Tanya Anaya, Evelin Villanueva, Samantha Salas, Araceli Brambila, Marie Moore and Hector Perez
Tanya Anaya, Evelin Villanueva, Samantha Salas, Araceli Brambila, Marie Moore and Hector Perez (from left) are pursuing master’s degrees in teaching at UCI’s School of Education and plan to teach in bilingual classrooms. Courtesy of Susan Guilfoyle

Parents who recognize the benefits of their children learning more than one language in school are supporting – even demanding – more highly qualified bilingual teachers. The School of Education at UC Irvine is helping fulfill that need.

“Locally, there has been tremendous growth in these dual-language immersion programs, with new ones opening every year,” says Susan Guilfoyle, an education lecturer at UCI and bilingual authorization coordinator. “It’s driven by a grass-roots movement of well-informed parents who value biliteracy for their children and know it’ll be an asset for their future. Dual immersion programs are very selective when hiring their bilingual teachers, and our candidates rank highly when interviewing for a position.”

There are currently about 105 dual-language immersion schools in Southern California, and the number is growing. Nationally, such programs have increased by 700 percent since 2002.

Dual-language immersion gives children from a variety of socioeconomic and cultural backgrounds the opportunity to achieve fluency in both English and a target language, such as Spanish or Mandarin.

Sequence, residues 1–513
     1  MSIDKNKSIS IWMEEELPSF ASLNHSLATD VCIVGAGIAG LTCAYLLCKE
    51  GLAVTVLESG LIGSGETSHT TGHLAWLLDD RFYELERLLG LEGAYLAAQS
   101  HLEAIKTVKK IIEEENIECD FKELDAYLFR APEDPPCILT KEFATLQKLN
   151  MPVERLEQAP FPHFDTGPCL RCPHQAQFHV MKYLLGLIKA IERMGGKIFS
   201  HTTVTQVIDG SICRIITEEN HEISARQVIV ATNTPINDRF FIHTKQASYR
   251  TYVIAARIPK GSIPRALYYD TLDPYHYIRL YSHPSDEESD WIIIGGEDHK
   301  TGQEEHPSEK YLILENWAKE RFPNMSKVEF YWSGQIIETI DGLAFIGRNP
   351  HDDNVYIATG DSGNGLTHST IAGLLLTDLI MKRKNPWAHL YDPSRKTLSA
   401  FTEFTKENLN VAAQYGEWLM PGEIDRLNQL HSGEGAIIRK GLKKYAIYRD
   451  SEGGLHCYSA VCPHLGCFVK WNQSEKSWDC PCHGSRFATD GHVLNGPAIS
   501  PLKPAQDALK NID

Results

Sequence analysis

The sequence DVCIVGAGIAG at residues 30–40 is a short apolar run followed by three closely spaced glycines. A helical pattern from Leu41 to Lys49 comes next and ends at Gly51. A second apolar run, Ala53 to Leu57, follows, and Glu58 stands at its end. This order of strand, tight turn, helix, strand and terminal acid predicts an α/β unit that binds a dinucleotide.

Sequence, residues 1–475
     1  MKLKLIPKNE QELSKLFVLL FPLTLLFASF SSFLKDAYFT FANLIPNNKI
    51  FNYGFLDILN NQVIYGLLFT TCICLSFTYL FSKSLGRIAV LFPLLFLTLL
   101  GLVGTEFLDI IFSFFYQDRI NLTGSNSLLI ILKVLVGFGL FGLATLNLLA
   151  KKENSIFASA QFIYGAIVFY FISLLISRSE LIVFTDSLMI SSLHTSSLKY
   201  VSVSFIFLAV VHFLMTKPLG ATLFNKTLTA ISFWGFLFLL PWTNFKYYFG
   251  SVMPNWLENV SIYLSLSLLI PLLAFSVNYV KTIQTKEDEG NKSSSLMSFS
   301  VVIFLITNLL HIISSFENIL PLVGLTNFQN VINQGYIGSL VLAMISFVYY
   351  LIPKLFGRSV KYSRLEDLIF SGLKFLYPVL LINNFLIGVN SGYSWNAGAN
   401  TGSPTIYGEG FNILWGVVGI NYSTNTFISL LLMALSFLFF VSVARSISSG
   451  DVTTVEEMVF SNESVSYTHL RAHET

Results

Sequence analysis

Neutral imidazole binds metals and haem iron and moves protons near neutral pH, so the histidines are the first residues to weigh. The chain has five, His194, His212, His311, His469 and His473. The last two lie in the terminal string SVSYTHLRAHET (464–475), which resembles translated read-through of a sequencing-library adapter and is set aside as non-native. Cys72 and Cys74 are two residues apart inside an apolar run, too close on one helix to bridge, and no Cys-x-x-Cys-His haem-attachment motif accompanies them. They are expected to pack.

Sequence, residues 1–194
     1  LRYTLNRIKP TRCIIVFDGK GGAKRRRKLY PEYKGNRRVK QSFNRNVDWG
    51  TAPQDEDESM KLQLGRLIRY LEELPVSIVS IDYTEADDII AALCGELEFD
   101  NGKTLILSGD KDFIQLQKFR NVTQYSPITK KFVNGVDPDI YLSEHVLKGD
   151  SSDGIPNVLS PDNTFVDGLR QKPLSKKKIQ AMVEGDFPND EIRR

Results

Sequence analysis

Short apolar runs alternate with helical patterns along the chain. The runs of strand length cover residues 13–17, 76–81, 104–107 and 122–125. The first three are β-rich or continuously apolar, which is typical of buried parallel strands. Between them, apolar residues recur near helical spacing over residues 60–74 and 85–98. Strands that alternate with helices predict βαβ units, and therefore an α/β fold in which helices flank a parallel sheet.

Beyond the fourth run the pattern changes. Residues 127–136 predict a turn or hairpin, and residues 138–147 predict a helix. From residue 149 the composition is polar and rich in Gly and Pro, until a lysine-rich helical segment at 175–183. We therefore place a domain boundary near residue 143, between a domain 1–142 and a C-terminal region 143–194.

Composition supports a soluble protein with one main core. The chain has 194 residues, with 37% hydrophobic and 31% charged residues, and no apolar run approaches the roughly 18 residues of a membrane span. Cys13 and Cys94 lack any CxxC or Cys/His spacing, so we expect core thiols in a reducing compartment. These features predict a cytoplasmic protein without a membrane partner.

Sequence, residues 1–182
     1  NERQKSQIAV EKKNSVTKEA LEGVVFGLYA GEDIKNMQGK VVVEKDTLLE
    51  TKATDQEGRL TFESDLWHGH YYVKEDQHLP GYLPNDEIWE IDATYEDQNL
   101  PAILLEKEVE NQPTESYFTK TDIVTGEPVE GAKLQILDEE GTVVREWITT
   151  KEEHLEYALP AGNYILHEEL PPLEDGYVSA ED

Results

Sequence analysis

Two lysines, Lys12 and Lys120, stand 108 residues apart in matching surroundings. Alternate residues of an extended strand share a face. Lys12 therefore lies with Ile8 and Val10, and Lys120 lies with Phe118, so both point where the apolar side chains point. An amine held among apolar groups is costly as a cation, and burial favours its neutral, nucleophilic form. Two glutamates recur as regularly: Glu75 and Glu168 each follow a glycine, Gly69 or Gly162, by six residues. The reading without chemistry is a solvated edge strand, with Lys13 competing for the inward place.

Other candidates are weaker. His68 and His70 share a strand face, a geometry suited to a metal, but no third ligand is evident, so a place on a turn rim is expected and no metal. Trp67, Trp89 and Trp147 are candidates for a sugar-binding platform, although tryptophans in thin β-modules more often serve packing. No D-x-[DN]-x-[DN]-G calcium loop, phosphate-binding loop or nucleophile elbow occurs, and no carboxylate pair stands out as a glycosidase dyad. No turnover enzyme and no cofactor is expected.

Studies have shown that students who learn a foreign language early on demonstrate certain cognitive advantages over those who do not, including greater problem-solving and critical thinking skills and heightened creativity. There’s also a relationship between foreign language study and enhanced mathematical development.

As dual-language immersion has become more in demand, the need for highly qualified bilingual teachers has become more urgent. Students enrolled in the UCI School of Education’s Master of Arts in teaching and credential program can pursue (via examination) a bilingual authorization in Spanish or Mandarin that allows them to teach in dual-language immersion schools.

Those seeking a bilingual authorization along with a teaching credential receive student teaching assignments in schools where instruction is primarily in a language other than English or a percentage of the day is taught in a second language. UCI graduates eight to 11 such students each year, and many are employed at dual immersion sites in the area.

In 2014, 100 percent of the program’s bilingual credential graduates were hired by public grade schools, with the majority teaching in dual-language immersion programs throughout Orange and Los Angeles counties. Spanish, Mandarin and Korean are the most popular offerings in Southern California.

Among the local elementary schools snapping up these graduates are Ralph A. Gates, Las Palmas, Viejo, Marian Bergeson and Peter Marshall, as well as El Sol Science & Arts Academy – all of which are highly regarded by parents seeking to expose their children to dual-language learning.